Manigod, France – Studio Razavi Architecture
Project Year : 2017
Developed Area : 200.0 m2
Photographs : Simone Bossi, Olivier Martin Gambier
Mountain House is a contemporary version of the conventional Alpine chalet. The structure features warm timber and concrete in an attempt to blend the old and new.
The architects were faced with the challenge of having to adhere to strict local architecture guidelines. These dictated the minutiae such as the slope of the roof, window sizes, and building materials. The result is a home that has the warmth of tradition but never outdated.
The interiors are made up of stacked multi-level spaces. Entry to the home is via the ground floor where the garage is also located. On the first floor are the bedrooms, and the living areas are at the top. Most of the homes found in the area feature unnecessary elements. The architects decided to deviate from that route and stick to the basics.
Vaulted ceilings make the space open and bright. The walls are made of timber boards throughout the house, the monotony broken by painted surfaces. Overall, Mountain House is a home that embraces the beauty of both tradition and innovation.
Notes from the Architect:
In this highly preserved Alpine valley, stringent architectural guidelines allow for little architectural freedom. Strict guidelines are enforced to protect the local heritage but de facto create endless pastiche mountain homes.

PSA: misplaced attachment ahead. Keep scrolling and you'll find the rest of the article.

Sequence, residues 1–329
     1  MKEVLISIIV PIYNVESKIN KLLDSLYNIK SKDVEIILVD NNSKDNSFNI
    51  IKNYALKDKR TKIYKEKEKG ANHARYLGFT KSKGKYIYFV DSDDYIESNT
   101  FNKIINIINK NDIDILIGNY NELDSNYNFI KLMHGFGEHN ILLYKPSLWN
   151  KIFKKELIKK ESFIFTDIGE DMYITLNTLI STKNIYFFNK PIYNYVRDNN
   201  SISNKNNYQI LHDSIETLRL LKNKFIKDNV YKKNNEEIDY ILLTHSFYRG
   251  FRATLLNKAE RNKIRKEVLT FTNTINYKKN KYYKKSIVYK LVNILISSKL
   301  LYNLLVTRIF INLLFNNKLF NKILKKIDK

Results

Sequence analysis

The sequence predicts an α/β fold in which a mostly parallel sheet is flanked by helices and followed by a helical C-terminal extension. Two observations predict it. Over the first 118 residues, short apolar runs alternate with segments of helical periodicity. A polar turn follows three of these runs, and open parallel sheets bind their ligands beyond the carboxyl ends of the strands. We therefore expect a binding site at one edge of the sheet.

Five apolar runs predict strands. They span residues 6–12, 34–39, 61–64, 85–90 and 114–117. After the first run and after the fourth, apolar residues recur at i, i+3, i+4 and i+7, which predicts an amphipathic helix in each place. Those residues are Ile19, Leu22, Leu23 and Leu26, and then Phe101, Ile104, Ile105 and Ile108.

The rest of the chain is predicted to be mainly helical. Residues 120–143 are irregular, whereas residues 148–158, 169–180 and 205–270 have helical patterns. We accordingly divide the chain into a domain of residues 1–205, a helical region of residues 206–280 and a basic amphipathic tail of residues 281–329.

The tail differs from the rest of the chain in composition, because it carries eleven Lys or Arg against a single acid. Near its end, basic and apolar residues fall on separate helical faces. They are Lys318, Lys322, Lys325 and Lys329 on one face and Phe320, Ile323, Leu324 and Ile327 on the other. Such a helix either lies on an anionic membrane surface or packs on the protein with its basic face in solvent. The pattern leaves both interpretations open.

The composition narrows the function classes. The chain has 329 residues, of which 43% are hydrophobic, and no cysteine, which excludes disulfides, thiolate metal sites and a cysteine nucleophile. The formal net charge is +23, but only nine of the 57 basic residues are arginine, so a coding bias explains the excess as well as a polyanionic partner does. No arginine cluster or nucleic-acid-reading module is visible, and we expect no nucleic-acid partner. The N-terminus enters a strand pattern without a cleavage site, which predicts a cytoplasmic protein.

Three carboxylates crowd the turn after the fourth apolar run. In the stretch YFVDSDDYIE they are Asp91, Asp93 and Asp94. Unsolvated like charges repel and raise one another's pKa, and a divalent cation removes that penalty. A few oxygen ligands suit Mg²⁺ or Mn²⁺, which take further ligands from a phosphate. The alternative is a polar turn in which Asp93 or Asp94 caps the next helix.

To circumvent these limitations we first became familiar with the existing history and culture so as to understand what functionally drove the designs.
We then integrated this research into our design, avoiding all artificial or obsolete elements while making sure that the building was entirely code compliant from a heritage standpoint.
The vernacular building typology was one of stacking programs: farm animals on the ground floor, fodder on the floor above and living/sleeping quarters above. In a similar approach we devised the buildings in programmatic layers: car parking, mechanical room, ski storage on ground floor. Bedrooms on floor above and living quarters on the top floor.
This allowed to create a progressive experience in the building, from darker, compressed spaces to gradually more open, light filled, higher ceilings and greater views out. Essentially indicating the shift in culture and use, thus creating coherence inside out & outside in.
The base is all cast in place and exposed concrete and the floors above all wood, structure and cladding. Window openings gradually open up as the space allows for it.
Celebrating nature was of course the pinnacle. This comes as the final experience, up on the last floor, fully framing the view by extending the building envelope to the outside. So as to protect the experience, material selection is kept at minimal variety.
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Take a look at this Modern Chalet in Madrid, Spain.